You're right that it is not worth bothering with the manuals already online and available. But clearly they are so short of time they cannot spare the time to do such searches, and can only just grab them all.


Those are not the original physical artefacts though. Digitisation is immensely important for access of content, but it's not preservation.


Wait Columbus? That's not drastically far..


For context:

This is the third post in a series. The author (Jason Scott) is trying to save ~25,000 manuals, instruction booklets, and engineering notes (largely electronics related, created over the last 80 years). This is a large project, the company which owns the manuals currently is going out of business, and all the manuals will be thrown away very soon (re: tomorrow).

First post: http://ascii.textfiles.com/archives/4711 Second post: http://ascii.textfiles.com/archives/4683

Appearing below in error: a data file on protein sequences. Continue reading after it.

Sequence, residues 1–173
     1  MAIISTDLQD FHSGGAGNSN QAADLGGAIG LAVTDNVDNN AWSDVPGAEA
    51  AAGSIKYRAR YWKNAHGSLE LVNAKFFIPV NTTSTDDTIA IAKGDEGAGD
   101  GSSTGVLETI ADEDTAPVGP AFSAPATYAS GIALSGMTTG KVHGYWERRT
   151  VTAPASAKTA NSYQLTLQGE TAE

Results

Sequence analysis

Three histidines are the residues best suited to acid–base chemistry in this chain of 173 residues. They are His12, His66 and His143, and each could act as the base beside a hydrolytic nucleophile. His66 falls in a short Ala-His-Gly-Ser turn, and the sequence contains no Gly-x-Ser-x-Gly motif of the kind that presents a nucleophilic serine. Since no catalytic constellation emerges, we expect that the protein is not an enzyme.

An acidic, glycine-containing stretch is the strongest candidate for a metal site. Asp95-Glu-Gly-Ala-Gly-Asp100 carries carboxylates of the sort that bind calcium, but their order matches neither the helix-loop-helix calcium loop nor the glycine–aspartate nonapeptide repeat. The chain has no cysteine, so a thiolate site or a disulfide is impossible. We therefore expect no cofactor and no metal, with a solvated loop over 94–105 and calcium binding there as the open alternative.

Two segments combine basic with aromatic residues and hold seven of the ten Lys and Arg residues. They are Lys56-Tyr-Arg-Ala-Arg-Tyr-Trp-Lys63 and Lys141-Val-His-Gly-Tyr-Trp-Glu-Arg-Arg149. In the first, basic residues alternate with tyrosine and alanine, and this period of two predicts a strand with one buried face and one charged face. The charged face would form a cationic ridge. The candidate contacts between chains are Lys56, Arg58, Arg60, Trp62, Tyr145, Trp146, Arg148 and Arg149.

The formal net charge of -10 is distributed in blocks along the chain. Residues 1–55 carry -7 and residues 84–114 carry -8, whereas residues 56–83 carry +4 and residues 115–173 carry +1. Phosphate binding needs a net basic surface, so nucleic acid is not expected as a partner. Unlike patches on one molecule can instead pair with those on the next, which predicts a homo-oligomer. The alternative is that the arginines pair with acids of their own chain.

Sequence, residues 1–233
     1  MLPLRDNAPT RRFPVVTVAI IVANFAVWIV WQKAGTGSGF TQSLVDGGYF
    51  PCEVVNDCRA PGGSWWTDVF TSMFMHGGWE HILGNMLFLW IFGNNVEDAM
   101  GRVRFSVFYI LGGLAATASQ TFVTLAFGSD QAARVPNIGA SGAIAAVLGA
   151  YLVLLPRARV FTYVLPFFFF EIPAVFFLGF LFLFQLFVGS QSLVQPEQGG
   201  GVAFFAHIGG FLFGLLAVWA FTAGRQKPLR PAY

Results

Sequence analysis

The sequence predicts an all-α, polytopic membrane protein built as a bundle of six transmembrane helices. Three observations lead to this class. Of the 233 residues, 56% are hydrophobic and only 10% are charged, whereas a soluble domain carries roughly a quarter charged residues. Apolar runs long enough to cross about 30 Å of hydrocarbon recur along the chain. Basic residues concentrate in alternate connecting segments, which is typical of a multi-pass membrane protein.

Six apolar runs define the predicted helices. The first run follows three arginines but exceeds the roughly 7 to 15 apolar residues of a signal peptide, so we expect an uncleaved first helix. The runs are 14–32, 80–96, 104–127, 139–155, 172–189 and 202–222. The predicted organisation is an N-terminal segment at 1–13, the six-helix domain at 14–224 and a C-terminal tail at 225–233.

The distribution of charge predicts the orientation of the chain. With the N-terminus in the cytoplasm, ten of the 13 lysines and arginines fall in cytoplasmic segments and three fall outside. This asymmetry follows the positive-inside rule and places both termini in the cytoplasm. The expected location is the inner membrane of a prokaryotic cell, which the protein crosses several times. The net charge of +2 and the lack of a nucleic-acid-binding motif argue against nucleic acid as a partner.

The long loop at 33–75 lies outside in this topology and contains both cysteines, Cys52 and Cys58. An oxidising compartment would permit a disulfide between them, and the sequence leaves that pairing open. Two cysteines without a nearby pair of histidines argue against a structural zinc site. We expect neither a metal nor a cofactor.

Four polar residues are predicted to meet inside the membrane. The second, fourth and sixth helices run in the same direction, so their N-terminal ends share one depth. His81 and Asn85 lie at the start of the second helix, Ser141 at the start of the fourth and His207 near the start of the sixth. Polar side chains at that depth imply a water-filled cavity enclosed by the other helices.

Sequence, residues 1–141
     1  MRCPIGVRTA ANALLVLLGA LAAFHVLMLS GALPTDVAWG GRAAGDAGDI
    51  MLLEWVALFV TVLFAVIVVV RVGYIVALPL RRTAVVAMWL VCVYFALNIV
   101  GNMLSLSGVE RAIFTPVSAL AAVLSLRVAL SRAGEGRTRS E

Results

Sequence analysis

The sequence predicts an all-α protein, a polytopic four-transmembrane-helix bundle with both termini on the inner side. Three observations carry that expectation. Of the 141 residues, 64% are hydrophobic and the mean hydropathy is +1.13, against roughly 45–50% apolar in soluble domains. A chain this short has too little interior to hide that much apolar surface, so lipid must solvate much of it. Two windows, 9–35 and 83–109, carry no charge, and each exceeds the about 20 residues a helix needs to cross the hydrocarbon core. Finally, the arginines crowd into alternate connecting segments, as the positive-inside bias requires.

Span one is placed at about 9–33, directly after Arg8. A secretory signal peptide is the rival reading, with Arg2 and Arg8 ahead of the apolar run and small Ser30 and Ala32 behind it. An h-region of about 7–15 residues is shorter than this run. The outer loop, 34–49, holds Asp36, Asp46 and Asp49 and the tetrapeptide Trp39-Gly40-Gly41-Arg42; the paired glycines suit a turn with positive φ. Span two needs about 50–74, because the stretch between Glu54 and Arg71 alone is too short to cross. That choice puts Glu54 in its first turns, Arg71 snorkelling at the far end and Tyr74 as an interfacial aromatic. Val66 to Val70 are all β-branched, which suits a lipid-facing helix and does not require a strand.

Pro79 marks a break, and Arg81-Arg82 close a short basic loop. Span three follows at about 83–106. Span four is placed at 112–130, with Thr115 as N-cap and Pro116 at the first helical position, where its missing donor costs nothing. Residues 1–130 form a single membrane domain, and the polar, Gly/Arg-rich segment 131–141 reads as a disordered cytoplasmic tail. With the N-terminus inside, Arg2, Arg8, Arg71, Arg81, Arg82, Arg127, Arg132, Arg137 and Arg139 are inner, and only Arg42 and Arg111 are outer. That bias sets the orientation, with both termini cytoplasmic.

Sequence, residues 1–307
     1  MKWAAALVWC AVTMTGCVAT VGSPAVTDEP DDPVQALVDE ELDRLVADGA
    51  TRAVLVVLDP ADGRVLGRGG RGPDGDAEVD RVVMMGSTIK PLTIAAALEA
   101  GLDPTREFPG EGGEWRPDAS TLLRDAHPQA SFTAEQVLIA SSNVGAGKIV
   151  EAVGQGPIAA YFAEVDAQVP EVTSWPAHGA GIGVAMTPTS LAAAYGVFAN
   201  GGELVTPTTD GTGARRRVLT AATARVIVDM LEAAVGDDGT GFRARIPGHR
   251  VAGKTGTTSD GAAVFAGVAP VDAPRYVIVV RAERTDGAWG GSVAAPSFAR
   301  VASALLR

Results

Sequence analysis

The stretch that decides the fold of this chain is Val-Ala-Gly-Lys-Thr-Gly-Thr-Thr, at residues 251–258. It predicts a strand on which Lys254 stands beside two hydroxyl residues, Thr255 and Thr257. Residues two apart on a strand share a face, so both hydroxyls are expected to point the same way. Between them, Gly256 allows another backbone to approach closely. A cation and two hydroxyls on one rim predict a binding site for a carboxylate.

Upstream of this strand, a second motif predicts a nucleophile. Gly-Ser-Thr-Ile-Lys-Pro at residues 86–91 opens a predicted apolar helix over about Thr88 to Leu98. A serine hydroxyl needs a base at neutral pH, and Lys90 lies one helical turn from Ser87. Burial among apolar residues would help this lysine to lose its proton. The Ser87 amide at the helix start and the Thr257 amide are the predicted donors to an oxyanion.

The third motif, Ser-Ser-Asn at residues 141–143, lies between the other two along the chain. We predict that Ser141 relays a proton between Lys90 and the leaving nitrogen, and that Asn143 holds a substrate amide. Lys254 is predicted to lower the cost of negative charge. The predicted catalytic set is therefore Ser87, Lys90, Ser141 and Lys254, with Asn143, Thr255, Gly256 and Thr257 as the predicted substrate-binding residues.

It is infeasible (IMHO) to deal with all physical manuals ever in this way, unless you are literally a Manuals Library that is supported by the county or whatever.

I think the only way to go forward is to digitize the shit out of everything.


I've noticed that a lot of headlines on HN are intentionally vague, to pique reader's interest. I'm not sure what being intentionally vague for an entire article is supposed to accomplish.

What is it that is barely halfway done?


> I'm not sure what being intentionally vague for an entire article is supposed to accomplish.

This isn't an article, though. It's someone's personal blog and the continuation of something else; the assumption is that you've read the other ones.

He's talking about the process of saving a huge amount (25k?) of paper manuals from someone who was going to throw them out.


Which is no longer a useful assumption when pages can be independently displayed and linked, and then disseminated. I had to look at these comments to even understand that my guess was somewhat true.


Well also to comply with https://news.ycombinator.com/newsguidelines.html